Fresh Bread Every Day

On the longer legs of voyages aboard my Westsail 42, Fiona, we usually run out of store-bought bread after a couple of weeks. From then on, we bake our own bread every day. And we do this without using the large oven, which is a voracious propane consumer. Instead, we bake the dough in something called a Swedish oven that sits on top of the stove and uses only one burner adjusted to a very low level. A secondary advantage is that we have that delicious fresh-baking smell emanating from the galley every morning, and we have warm bread for lunch. I have found that the crew look forward eagerly to the end of the commercial loaves so that we can start with the home-baked bread.

The Swedish oven

I do not know of a commercial source of Swedish ovens, but they are relatively easy to make. Mine is an ordinary aluminum stockpot modified by the addition of a central flue or chimney (see photo). The pot is 9 inches in diameter and 7 1/2 inches high with a good close-fitting, metal-handled lid (a plastic one will deteriorate). To make the oven, get a machine shop to cut a hole in the bottom to accommodate a thin-walled aluminum tube about 3 inches in diameter and 5 inches long. The tube must then be welded in place. The oven is held in position on the stove by metal fiddles, so that the flue is directly over a burner. My stove is not gimbaled, so if the boat is heeling, I also use a thin cord around the oven to keep it in place. The bread is baked by placing a long “sausage” of dough around the flue. To make the sausage, you will need a breadboard about 12 by 14 inches.

Making the dough

The quantities given here are sufficient for a crew of three, assuming a sandwich lunch and a small amount saved for gravy mopping at suppertime. I use a heavy mixing bowl to retain heat for the dough; it is made of enameled metal. I am indebted to my friend Louise Hanson for the recipe, who worked out the quantities while crewing aboard Fiona. You should get eight or nine loaves from a 5-lb bag of flour.

First warm the oven and mixing bowl. To do this, I remove the lid and invert the bowl over the oven for a couple of minutes, using a very low burner setting. At the same time, warm up some water in a kettle; when it’s hot, put exactly one cup in the bowl and dissolve in it a heaped tablespoon of sugar. Test the water temperature with a finger, if the water is too hot, it may kill the yeast. When it is warm, but not unbearably so, add a generously heaped teaspoon of yeast. Stir gently and let the yeast react for five or 10 minutes. I always feel sorry for the yeast at this stage — it goes from months in the dark to yeast heaven: warm and sweet. But in a short while, it is going to meet a nasty end as it is baked to death.

While the yeast is doing its thing, grease or oil the oven on the bottom and sides to a height of about two inches. Run a thin stripe of flour along a diagonal of the breadboard and dry the measuring cup. Now sift 2 1/2 cups of plain flour into the bowl. Add a pinch of salt and stir. You should achieve a doughy consistency that is not too sticky or too dry. Very small amounts of warm water or flour can be added if necessary.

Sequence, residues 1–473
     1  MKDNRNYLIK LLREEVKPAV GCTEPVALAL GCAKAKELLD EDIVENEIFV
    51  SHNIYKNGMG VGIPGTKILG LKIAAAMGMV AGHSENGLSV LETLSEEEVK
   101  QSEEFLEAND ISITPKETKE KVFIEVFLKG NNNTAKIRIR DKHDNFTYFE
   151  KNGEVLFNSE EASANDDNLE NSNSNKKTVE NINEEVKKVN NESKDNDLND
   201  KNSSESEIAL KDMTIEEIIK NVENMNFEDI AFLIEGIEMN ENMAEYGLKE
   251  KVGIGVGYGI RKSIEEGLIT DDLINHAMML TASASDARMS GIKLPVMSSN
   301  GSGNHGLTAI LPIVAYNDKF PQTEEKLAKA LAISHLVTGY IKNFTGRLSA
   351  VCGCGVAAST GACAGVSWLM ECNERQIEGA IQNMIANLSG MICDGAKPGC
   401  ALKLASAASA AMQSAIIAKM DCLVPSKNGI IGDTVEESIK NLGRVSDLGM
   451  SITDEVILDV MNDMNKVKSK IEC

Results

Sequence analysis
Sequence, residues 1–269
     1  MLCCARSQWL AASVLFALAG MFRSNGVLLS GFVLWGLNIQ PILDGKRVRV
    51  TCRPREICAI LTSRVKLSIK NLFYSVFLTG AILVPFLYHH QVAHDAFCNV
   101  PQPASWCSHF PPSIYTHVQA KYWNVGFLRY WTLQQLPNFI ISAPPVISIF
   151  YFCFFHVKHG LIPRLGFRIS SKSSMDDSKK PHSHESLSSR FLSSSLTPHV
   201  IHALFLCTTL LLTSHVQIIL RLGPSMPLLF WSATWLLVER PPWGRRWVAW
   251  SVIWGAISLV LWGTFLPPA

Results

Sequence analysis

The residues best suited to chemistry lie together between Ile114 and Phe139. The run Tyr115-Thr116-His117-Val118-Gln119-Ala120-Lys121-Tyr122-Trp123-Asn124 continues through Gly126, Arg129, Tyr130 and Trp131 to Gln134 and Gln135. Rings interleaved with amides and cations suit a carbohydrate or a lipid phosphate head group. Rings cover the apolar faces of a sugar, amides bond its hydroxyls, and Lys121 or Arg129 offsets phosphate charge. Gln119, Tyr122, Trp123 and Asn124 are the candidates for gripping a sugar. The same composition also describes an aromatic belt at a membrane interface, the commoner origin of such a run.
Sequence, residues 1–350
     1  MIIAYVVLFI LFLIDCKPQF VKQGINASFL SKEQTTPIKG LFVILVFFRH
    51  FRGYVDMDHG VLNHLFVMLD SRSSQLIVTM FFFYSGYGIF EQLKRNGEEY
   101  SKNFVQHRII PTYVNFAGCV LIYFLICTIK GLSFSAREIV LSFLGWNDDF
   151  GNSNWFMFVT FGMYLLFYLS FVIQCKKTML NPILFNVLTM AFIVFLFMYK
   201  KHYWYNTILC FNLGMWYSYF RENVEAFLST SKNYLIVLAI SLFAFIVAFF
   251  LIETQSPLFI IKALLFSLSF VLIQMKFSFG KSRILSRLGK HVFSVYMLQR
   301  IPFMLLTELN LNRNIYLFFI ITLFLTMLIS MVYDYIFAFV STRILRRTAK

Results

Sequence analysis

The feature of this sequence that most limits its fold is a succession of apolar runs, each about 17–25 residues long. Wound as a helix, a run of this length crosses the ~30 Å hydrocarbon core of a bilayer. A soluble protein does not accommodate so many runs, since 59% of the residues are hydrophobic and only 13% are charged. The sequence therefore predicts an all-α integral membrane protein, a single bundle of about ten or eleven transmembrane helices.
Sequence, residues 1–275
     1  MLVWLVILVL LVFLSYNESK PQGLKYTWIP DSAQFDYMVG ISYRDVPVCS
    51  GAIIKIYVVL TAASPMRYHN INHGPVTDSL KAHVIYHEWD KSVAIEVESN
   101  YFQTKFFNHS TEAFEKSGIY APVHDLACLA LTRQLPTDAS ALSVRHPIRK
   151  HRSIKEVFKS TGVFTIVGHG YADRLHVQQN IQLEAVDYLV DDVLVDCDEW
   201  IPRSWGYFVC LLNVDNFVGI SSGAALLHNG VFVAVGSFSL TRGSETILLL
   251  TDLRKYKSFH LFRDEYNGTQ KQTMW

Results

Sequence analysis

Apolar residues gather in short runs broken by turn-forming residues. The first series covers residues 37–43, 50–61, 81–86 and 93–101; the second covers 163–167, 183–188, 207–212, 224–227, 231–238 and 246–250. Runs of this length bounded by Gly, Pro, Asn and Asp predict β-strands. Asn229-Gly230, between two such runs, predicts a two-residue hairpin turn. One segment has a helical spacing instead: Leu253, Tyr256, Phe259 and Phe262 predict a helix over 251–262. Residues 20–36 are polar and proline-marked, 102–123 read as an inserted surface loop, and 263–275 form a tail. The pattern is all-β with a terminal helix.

Baking a loaf

Sprinkle flour on your hands and on the dough, and transfer it to the board. Form it into a sausage about an inch and a half in diameter and the length of the diagonal. Put the oven next to the board. Lift the sausage into the oven and twist the ends together so that it forms a large donut around the flue. Place the oven over the burner and put the lid on. If the temperature in the boat is below 70° F, give the oven a burst of low heat for a minute or two.

The plan now is to get the bread to rise so that it is spongy when baked. It usually takes about 30 or 40 minutes for the dough to swell enough to completely fill the bottom of the oven. Keep the lid on and don’t bump the oven. Inspect the dough occasionally; if it becomes thicker on one side because the boat is heeling, gently rotate the oven. You can use this time to clean up.

When the dough has risen sufficiently, light the burner. At first, a little trial and error will be needed to determine the exact flame size to get a well-cooked loaf that is not burned next to the flue. When baked, the loaf should have a crispy crust next to the flue but no charring. For the first 30 minutes of baking do not lift the lid, this may cause the dough to collapse. Always use a potholder when touching the stove after starting to bake, as the stove will get quite hot. My stove bakes the bottom of the loaf a little faster than the top, so after 45 minutes, I tip the loaf onto the board and put it back upside-down. After another 15 minutes, the baking is complete.

Serving suggestions

Let the loaf cool on the board for 30 minutes, then cut into quarters. Save one quarter for supper. I slice the other three longitudinally to make two open-faced sandwiches per person. I have also made bread with whole-wheat flour (use a little more yeast) and baked cakes. Oatmeal cookie mix with raisins and rum, and carrot cake mix are both popular and great for crew morale. Cakes should be baked on a low temperature with a well-greased oven. Make sure that the oven is thoroughly cleaned before you next bake bread, as cake mix tends to stick.

Eric Forsyth, a recipient of the Cruising Club of America’s Blue Water Award, is on his second circumnavigation aboard Fiona.

By Ocean Navigator